I don’t know where my time has gone.
Just a moment ago, truly, I had a houseful of children. They were hungry, and noisy and argumentative and loving. They filled every corner of this place, every day.
Just a split second ago, I was getting ready for Santa. Hiding toys in the attic, sneaking stocking stuffers into every shopping trip, disguising my handwriting as I put their names on those brightly wrapped treasures.
Time moved steadily and solidly for so many years that it lulled me into trusting it. Oh, I felt the speed with which my babies changed from whimpers to words, I did. I knew that time was moving, but I felt that I was born along on that river, carried with my children toward a distant future. Time passed, and my babies grew, but they were still right there beside me, riding the flood. And somehow, for some reason, I let time trick me into thinking that they always would be there beside me. As children. As my very own special ones. As mine.
I didn’t see it when sneaky, conniving time decided to speed up and race along so fast that I never saw it leave. I must have been resting, tricked into closing my eyes, trusting in the steady pace of time’s flow. I must have missed the moment when time rushed by in a swirl of icy wind, carrying my children over the riverbank and into adulthood. I must have looked away, for only a second, but it was too long.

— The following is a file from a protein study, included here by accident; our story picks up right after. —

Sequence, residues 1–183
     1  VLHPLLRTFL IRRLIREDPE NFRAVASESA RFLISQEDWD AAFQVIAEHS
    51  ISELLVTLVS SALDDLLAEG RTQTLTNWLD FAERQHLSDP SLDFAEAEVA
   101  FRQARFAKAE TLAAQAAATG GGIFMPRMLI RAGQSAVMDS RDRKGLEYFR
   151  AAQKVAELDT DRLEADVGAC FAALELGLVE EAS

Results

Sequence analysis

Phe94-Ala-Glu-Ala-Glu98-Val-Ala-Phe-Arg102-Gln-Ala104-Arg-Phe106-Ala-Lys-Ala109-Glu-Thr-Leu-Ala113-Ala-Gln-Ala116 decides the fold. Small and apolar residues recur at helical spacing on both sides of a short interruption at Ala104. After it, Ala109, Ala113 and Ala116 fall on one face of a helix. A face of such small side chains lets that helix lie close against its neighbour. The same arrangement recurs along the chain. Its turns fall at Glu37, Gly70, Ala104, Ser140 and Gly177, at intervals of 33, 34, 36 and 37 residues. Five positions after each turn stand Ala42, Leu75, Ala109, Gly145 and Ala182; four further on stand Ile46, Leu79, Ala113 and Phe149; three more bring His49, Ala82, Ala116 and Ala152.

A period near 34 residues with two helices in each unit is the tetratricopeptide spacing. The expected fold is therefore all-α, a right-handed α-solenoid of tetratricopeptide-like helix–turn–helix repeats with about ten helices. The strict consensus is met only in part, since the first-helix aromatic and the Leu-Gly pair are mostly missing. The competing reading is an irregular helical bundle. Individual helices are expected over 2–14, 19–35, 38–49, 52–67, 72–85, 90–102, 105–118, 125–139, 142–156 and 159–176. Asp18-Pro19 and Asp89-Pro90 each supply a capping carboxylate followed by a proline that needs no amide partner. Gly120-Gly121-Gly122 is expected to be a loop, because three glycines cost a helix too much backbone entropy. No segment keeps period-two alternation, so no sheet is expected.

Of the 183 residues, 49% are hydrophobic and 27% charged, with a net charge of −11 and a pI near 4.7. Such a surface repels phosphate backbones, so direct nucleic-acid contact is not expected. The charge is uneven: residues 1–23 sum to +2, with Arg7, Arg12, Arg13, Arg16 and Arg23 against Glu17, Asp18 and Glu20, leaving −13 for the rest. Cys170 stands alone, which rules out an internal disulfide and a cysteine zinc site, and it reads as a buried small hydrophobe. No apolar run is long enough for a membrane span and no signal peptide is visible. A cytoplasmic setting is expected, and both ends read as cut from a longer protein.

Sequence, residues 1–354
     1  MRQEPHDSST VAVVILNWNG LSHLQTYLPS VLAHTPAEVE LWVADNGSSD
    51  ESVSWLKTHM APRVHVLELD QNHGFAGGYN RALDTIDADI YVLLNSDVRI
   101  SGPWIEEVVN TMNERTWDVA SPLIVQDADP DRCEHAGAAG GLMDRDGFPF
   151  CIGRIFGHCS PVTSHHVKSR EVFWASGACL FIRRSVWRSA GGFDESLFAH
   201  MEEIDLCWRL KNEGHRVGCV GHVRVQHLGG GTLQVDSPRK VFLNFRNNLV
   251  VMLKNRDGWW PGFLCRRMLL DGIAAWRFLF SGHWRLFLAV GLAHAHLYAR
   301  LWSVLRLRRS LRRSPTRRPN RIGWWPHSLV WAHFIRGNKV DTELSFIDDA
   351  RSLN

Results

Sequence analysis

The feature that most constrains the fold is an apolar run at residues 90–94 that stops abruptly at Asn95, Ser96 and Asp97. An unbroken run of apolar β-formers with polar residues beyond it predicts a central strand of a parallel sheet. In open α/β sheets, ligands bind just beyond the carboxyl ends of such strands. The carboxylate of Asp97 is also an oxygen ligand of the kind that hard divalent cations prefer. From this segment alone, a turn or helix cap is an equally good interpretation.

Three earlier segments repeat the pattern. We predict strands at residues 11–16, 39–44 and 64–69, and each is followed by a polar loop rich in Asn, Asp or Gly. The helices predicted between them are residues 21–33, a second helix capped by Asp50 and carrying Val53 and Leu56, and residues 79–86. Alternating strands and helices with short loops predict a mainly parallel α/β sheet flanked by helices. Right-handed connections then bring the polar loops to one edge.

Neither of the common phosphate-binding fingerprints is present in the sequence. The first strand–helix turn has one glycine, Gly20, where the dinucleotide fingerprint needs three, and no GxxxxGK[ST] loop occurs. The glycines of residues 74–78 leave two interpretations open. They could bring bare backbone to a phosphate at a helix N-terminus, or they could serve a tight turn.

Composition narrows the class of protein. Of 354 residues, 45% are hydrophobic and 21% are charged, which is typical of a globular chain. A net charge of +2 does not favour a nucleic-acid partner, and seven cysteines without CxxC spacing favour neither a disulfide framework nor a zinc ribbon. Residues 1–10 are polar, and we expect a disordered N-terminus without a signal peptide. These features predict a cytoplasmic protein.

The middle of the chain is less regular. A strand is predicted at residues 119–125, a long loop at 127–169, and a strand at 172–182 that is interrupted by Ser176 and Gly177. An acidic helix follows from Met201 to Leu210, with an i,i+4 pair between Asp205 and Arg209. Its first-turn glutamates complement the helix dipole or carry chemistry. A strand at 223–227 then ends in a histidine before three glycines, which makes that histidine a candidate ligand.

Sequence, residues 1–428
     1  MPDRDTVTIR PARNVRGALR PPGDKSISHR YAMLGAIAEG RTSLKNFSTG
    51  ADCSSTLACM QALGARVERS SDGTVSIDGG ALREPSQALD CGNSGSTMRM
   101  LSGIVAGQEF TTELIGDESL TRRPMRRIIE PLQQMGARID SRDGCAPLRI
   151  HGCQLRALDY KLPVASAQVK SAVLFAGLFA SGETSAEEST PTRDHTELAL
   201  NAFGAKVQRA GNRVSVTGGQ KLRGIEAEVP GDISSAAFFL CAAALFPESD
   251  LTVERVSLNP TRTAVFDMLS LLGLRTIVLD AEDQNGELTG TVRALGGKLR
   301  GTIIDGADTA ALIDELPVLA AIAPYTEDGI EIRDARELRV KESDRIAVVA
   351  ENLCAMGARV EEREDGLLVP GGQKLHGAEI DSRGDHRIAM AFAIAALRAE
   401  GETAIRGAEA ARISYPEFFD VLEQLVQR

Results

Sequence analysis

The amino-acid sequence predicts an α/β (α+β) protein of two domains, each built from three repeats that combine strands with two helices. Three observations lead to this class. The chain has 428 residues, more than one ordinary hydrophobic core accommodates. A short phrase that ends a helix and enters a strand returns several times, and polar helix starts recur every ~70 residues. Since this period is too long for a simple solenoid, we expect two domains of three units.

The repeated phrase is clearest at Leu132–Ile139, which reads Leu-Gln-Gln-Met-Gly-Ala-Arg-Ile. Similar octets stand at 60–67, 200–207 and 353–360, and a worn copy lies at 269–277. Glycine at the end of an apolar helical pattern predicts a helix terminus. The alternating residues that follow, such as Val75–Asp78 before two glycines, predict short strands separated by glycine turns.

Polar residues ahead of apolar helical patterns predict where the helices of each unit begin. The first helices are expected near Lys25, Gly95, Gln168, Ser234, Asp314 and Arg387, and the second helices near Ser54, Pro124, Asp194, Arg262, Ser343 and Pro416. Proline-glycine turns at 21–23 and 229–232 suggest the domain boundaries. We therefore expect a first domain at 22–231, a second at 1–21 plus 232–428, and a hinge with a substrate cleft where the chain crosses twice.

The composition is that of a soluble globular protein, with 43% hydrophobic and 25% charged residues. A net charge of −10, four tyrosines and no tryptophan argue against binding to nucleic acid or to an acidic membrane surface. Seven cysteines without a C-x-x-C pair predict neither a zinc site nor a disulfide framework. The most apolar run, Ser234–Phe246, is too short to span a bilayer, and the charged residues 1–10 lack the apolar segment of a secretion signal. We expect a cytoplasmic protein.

Now I am here, the mother of adults. Hoping to have them all together for a few brief hours at Christmas so that I can beg time to stop, to slow its endless march for just a fragment of a day, to freeze in place for me, just this once.
Before it once again gathers us all in its powerful arms and races away with unstoppable speed, into the night, into tomorrow, into a time when this Christmas feels as if it happened only a moment ago.